The seething tinderbox intensity of follow-up single, `Babylon’s Burning’, was enough to break The RUTS into the Top 10 that summer, while the equally anthemic `Something That I Said’ scraped into the Top 30 ahead of debut album, THE CRACK (1979) {*8}. Alternating scathing politico-punk with defiant dub excursions, the set cut to the fractured heart of late 70s youth culture with a precision lacking in some of their clumsier peers; the ill-advised decision to release a third single, `Jah War’ (recounting police violence in an anti-fascist riot; and played to an alternative hypnotic dub beat), proved fruitless. Although a great album track, it paled into insignificance when compared to non-album track `In A Rut’ taking the No.11 slot in Peel’s end-of-year Festive 50; `Babylon’s Burning’, incidentally, creeped in at 47!
Opting to persist with the punk-rock element of their manifesto whilst “oi!” music raged all around them, spring 1980 unveiled another Top 30 classic in `Staring At The Rude Boys’, a record that displayed a spiritual solidarity with the burgeoning 2-Tone movement.
Despite earlier problems due a combination of sore throats and a heroin addiction (several gigs had been cancelled), Owen was working toward a full recovery on the back of a Peel session collaboration with reggae star LAUREL AITKEN. Having been fired, then reinstated, in order to commit to a UK tour (and gigs in the States), a recording structure was at least underway. A fresh song, `West One (Shine On Me)’, was booked as their forthcoming single. Whether it was down to splitting with his girlfriend, subsequently sleeping at his parents’ house in Hayes, or the pressure of impending tours, Owen upped the ante in his heroin habit and paid the ultimate price when he died on the 11th July; he was only 26.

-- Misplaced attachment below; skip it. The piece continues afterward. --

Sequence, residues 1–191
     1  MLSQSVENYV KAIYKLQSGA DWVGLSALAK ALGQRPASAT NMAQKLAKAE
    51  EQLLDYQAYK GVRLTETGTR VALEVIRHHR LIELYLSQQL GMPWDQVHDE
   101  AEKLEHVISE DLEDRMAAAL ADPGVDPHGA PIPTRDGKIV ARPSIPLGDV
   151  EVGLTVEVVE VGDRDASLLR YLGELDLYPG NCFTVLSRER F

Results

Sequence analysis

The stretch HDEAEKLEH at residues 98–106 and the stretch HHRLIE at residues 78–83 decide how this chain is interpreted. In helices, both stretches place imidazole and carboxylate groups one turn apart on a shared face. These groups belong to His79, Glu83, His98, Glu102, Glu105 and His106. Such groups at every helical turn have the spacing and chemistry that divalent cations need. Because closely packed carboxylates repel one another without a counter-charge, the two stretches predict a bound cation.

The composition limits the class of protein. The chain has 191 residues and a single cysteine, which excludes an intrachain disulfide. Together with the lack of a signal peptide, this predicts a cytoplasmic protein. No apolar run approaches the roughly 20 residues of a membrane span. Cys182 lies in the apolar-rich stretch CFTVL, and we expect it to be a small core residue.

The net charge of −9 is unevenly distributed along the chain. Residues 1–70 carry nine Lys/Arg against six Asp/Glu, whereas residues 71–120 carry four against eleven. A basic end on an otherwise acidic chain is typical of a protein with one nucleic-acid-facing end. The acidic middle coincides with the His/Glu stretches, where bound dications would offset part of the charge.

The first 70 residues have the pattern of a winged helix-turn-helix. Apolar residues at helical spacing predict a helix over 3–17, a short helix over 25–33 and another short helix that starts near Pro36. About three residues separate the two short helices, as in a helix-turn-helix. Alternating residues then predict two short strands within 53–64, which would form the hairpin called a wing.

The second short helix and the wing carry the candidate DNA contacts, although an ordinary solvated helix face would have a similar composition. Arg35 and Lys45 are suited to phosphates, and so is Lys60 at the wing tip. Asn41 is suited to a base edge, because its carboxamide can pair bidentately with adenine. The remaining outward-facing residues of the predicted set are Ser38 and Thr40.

Ironically, the aforesaid single was dispatched posthumously that August, but it only reached No.43, while a compilation set of singles, demos and live tracks, GRIN AND BEAR IT (1980) {*6}, served as a stop-gap release until the remainder of the band eventually reconvened. To warm up their impending comeback, Segs and Co chose to back KEVIN COYNE on his `Sanity Stomp’ set; and duly covered the man’s `Formula Eyes’ for their initial B-side.